Mar 2003 - Feb 2011
Deparment of Chemistry, University of Cambridge
Ph. D Chemistry
Amorphous materials group, Thesis title: Computational studies of amorphous arsenic sulphide
Oct 1997 - Jul 2000
University of Cambridge Trinity College
M. Sci. Natural Sciences (Physics)
Theoretical physic/condensed matter physics options
Oct 1997 - Jun 1999
Trinity College
B. A (Hons) Natural Sciences (Experimental and Theoretical Physics)

Experience

Apr 2012 - Mar 2012
DST Unit on Nanoscience, Deparment of Chemistry, Indian Institute of Technology Madras
Project Officer (Post-Doctoral Research Associate)
Noble metal Nanoclusters, Supramolecular molecular cluster adducts, intercluster reactions, curcumin, ice
Jan 2012 - Feb 2012
Jawaharlal Nehru Centre for Advanced Scientific Research
Research Associate
Theoretical Sciences Unit
Jul 2011 - Nov 2011
SN Bose National Centre for Basic Sciences
Research Associate
Atomic Materials Research Unit
Jun 1999 - Sep 1999
University of Cambridge Department of Chemistry
Summer Research Associate
Apr 2012
Indian Institute of Technology Madras
Project Officer (Post-Doctoral Research Associate)
Chemistry, DST Unit on Nanoscience

Publications

25Publications

6Reads

431Profile Views

381PubMed Central Citations

Thirty-Fold Photoluminescence Enhancement Induced by Secondary Ligands in Monolayer Protected Silver Clusters

Nanoscale

Nanoscale

DOI:10.1039/C8NR05989F


In this paper, we demonstrate that systematic replacement of secondary ligand, PPh3 leads to enhancement in the nearinfrared (NIR) photoluminescence (PL) of [Ag29(BDT)12(PPh3)4]3-. While replacement of PPh3 with other monophosphines enhances luminescence slightly, replacement with diphosphines of increasing chain length leads to drastic PL enhancement, as high as 30 times than the parent cluster, [Ag29(BDT)12(PPh3)4]3-. Computational modelling suggests that the emission is a ligand to metal charge transfer (LMCT) which is affected by the nature of the secondary ligand. Control experiments with systematic replacement of secondary ligand confirm the influence of it in the emission. The excited state dynamics shows this emission to be phosphorescence in nature which arises from the triplet excited state. This enhanced luminescence has been used to develop a prototypical O2 sensor. Moreover, a similar enhancement is also found for [Ag51(BDT)19(PPh3)3]3-. The work presents an easy approach to the PL enhancement of Ag clusters for various applications.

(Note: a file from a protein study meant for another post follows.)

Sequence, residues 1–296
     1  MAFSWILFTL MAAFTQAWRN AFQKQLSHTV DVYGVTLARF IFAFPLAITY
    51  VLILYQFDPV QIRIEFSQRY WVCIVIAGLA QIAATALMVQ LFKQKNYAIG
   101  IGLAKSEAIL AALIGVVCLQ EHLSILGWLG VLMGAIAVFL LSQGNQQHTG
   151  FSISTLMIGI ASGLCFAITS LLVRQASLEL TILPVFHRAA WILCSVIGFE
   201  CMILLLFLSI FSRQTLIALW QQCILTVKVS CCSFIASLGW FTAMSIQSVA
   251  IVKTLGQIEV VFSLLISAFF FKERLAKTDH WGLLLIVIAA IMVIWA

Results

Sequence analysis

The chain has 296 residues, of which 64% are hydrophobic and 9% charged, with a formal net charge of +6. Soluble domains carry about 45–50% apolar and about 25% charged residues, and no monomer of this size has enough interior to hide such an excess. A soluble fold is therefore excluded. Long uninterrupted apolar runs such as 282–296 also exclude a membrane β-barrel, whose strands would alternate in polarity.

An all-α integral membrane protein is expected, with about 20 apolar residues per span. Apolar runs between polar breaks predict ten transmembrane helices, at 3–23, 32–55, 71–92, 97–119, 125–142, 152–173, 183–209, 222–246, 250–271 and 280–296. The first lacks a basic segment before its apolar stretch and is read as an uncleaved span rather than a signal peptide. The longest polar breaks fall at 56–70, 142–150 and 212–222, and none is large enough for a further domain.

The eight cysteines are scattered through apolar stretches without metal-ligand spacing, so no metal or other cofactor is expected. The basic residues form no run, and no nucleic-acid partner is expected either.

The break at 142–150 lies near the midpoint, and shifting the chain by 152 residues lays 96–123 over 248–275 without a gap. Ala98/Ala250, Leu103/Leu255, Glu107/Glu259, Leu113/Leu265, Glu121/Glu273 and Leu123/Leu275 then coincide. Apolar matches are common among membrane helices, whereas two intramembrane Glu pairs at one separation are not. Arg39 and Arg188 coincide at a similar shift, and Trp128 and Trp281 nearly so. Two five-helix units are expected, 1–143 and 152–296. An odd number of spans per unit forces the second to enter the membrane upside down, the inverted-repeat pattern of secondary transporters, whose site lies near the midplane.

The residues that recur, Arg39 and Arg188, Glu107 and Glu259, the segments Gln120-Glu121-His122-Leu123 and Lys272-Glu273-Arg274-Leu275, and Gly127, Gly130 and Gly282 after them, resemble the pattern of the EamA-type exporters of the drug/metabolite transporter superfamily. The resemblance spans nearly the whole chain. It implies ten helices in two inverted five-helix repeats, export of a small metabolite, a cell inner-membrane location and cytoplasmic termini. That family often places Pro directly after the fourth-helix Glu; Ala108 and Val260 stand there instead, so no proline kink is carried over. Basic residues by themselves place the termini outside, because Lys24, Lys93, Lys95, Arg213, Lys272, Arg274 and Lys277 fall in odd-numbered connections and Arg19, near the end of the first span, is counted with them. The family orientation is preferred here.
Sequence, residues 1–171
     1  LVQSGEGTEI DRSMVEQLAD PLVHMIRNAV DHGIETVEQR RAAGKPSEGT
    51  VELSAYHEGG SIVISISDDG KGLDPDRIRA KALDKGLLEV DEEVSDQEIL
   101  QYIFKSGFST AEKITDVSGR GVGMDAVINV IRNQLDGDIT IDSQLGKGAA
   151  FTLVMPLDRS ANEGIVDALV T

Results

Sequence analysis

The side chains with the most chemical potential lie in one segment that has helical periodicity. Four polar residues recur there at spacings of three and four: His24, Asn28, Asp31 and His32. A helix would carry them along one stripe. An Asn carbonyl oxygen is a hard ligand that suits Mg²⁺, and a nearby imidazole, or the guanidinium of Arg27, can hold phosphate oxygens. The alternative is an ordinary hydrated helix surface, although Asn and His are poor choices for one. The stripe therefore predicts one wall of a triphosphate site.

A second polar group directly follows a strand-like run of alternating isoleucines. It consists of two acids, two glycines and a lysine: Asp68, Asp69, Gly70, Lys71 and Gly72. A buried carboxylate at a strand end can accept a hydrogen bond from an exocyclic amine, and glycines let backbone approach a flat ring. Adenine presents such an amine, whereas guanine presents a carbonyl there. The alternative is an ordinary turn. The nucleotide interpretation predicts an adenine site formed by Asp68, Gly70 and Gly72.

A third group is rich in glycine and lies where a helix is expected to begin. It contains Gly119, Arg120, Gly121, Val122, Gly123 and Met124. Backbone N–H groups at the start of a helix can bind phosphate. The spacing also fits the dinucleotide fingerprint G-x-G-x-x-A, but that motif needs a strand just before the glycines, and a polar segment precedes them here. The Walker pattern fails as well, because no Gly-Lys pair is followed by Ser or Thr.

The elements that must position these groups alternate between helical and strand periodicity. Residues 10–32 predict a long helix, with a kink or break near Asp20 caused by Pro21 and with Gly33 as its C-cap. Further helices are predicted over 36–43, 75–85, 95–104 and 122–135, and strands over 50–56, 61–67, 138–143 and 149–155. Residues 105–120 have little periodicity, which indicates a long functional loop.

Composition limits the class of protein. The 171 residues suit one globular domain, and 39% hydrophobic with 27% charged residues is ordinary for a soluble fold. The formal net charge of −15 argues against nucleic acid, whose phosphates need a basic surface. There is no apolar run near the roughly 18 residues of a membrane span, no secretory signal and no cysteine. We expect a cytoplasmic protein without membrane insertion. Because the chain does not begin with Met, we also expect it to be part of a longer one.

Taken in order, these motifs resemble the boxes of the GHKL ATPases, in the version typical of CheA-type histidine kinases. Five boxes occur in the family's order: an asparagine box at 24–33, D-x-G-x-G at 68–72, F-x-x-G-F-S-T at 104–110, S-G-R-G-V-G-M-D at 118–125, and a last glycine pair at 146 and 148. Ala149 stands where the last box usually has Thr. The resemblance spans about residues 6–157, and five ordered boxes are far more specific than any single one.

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February 2019

Rapid isotopic exchange in nanoparticles.

Sci Adv 2019 Jan 4;5(1):eaau7555. Epub 2019 Jan 4.

DST Unit of Nanoscience (DST UNS) and Thematic Unit of Excellence (TUE), Department of Chemistry, Indian Institute of Technology Madras, Chennai 600 036, India.

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http://dx.doi.org/10.1126/sciadv.aau7555DOI Listing
http://www.ncbi.nlm.nih.gov/pmc/articles/PMC6314871PMC
January 2019
6 Reads

Isomerism in Supramolecular Adducts of Atomically Precise Nanoparticles

J. Am. Chem. Soc. 2018, 140 (42), 13590–13593

J. Am. Chem. Soc.

to be added.

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November 2018

Atomically Precise Nanocluster Assemblies Encapsulating Plasmonic Gold Nanorods.

Angewandte Chemie International Edition 2018, 57 (22), 6522–6526.

Angewandte Chemie International Edition

To be added. 

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June 2018

Interparticle reactions: An emerging direction in nanomaterials chemistry

Acc. Chem. Res. 2017, 50 (8), 1988–1996

Accounts of chemical research

Conspectus